Knights of Malta

The Order of Malta, officially known as the Sovereign Military Hospitaller Order of Saint John of Jerusalem, of Rhodes, and of Malta, traces its roots back to the 11th century. It was established as a religious and military order in Jerusalem during the early 12th century with the primary mission of caring for sick and injured pilgrims traveling to the Holy Land during the Crusades. Following the loss of Jerusalem in 1291, the Order relocated its headquarters to the island of Rhodes, where they continued their defensive operations against various adversaries. In 1530, Emperor Charles V granted them the island of Malta, which became their new operational base.

The knights adopted the distinctive white eight-pointed Cross as their emblem, a symbol they have proudly carried for over 900 years. Under the leadership of Phillippe de Lonvilliers de Poincy, a high Chevalier in the Order of Saint John of Jerusalem, French influence in the eastern Caribbean expanded, with troops seizing control of St. Bart’s and half of St. Martin. Upon hearing about the unrest in St. Croix caused by conflicts among Dutch, English, and Spanish factions, de Poincy sent 160 men to capture the island. He then resettled numerous families from St. Kitts to St. Croix and eased trading restrictions that had been previously imposed.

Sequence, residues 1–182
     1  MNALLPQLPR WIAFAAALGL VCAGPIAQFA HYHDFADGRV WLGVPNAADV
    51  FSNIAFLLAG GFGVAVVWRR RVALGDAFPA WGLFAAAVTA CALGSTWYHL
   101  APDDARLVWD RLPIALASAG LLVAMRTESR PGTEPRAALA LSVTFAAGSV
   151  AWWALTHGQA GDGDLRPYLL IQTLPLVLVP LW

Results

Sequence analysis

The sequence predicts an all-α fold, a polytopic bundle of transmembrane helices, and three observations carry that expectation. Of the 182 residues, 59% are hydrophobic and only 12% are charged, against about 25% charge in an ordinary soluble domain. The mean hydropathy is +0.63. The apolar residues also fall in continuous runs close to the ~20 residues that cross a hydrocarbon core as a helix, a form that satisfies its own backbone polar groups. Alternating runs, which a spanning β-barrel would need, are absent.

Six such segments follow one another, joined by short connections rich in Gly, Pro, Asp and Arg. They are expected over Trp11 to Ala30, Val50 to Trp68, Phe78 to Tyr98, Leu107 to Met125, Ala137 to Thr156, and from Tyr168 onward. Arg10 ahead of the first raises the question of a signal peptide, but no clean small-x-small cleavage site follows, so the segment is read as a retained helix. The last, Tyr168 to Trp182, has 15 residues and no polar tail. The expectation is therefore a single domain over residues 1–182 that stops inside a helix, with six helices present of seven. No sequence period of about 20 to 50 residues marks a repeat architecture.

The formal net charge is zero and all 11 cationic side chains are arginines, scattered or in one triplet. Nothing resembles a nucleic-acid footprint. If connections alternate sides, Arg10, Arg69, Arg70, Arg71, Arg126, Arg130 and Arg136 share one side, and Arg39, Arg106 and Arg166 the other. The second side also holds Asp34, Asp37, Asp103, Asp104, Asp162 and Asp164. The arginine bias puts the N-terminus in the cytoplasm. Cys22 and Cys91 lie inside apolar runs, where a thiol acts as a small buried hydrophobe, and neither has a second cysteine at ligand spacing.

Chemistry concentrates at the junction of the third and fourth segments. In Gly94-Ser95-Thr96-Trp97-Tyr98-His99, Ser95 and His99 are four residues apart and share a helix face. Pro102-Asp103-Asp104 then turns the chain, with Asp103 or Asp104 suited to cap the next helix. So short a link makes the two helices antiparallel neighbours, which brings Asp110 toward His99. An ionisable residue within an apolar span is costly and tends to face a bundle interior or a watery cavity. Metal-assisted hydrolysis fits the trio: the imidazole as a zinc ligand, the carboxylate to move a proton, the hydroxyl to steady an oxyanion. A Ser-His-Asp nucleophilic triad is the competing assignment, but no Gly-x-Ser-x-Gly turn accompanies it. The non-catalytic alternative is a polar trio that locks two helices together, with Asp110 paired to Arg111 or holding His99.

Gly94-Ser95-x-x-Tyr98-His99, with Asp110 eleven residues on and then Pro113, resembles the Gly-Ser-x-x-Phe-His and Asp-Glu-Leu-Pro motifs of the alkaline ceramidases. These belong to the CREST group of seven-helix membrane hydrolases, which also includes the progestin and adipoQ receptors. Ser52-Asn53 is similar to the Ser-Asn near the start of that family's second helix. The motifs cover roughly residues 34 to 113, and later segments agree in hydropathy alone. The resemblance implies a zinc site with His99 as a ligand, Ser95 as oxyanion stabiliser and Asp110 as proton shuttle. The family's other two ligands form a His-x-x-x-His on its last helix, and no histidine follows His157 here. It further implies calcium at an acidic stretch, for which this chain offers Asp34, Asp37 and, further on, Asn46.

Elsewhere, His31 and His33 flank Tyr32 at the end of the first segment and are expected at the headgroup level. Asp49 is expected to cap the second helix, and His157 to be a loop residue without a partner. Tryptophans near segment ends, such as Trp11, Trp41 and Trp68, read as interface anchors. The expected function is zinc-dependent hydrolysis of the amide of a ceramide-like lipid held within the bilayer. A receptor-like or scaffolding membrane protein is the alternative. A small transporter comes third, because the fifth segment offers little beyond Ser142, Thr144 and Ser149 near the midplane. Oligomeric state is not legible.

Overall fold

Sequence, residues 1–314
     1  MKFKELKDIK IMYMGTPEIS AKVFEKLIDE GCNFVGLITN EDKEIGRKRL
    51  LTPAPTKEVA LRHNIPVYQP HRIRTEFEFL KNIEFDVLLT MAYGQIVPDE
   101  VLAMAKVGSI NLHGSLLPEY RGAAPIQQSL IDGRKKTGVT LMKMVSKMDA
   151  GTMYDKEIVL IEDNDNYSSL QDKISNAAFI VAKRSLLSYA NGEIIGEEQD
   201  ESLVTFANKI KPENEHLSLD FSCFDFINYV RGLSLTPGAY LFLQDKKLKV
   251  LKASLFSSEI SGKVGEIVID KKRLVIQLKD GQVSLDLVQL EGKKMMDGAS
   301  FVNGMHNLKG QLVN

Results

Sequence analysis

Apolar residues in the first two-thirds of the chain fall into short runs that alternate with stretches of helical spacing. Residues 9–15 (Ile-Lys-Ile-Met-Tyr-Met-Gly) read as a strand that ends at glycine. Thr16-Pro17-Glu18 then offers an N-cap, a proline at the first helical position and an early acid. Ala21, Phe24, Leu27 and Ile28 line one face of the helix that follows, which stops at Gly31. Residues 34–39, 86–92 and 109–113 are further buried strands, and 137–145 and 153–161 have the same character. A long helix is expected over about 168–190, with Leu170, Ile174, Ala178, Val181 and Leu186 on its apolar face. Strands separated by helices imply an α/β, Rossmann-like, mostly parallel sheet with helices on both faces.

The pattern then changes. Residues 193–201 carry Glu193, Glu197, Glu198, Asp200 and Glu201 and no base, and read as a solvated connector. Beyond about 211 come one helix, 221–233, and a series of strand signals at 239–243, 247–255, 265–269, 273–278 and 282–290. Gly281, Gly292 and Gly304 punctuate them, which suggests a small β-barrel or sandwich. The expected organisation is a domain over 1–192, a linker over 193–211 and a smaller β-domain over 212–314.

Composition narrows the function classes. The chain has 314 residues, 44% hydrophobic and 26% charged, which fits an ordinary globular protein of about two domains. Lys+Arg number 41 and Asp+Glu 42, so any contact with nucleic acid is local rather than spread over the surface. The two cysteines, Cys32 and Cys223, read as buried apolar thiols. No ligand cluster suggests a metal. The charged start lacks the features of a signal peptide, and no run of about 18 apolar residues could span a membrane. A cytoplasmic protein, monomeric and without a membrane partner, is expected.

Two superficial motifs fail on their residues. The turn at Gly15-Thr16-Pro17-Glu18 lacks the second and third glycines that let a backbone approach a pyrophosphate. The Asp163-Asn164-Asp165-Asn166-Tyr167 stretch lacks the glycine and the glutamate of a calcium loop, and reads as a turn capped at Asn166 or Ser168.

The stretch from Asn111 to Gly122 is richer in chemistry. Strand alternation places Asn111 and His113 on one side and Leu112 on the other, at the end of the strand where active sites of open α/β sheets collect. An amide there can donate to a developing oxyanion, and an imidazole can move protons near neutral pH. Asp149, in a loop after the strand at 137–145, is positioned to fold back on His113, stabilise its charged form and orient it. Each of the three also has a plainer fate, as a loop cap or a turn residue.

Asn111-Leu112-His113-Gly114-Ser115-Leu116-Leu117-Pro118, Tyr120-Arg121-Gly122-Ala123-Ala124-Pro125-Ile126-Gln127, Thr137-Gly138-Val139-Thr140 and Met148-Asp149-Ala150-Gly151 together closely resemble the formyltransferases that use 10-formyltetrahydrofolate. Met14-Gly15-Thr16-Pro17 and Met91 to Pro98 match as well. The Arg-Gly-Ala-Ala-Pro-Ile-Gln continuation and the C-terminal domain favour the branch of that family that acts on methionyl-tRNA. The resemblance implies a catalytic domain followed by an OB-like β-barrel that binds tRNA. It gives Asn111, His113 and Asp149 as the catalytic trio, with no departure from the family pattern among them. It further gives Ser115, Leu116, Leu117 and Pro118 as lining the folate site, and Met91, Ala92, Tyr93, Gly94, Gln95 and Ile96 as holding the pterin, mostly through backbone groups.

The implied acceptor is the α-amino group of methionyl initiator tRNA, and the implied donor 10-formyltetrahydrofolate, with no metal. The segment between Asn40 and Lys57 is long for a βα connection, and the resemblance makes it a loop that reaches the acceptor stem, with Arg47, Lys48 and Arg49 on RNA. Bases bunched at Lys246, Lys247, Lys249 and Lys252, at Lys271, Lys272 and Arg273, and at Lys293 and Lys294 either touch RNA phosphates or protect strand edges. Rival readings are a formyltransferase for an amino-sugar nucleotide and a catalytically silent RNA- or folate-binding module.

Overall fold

Despite his achievements, de Poincy began to defy orders from the French King, even resisting stepping down when a replacement was appointed. In a bid to strengthen his authority, he suggested in 1649 that the Knights of Malta acquire St. Kitts, St. Barts, and St. Croix from France to govern as their private territories. The Knights and other French settlers began to colonize St. Croix, notably clearing extensive forested areas for agriculture and disease prevention. During this period, it is estimated that over 600 Knights resided on St. Croix, although most were nobles unsuited for farming. In 1665, the French West Indian Company bought the island from the Knights of Malta, ushering in two decades of prosperity on St. Croix with 90 plantations cultivating various crops such as tobacco, cotton, sugar cane, and indigo.

While the Knights of Malta did not establish any additional colonies and lost control of Malta itself in 1798, they maintained their independence under international law, retaining the authority to issue their own currency, stamps, and passports. Throughout their history, the Order encountered numerous challenges, including conflicts with other powers and territorial losses. In modern times, the Knights of Malta have evolved into a humanitarian organization, offering medical assistance and charitable services worldwide.

Scroll to Top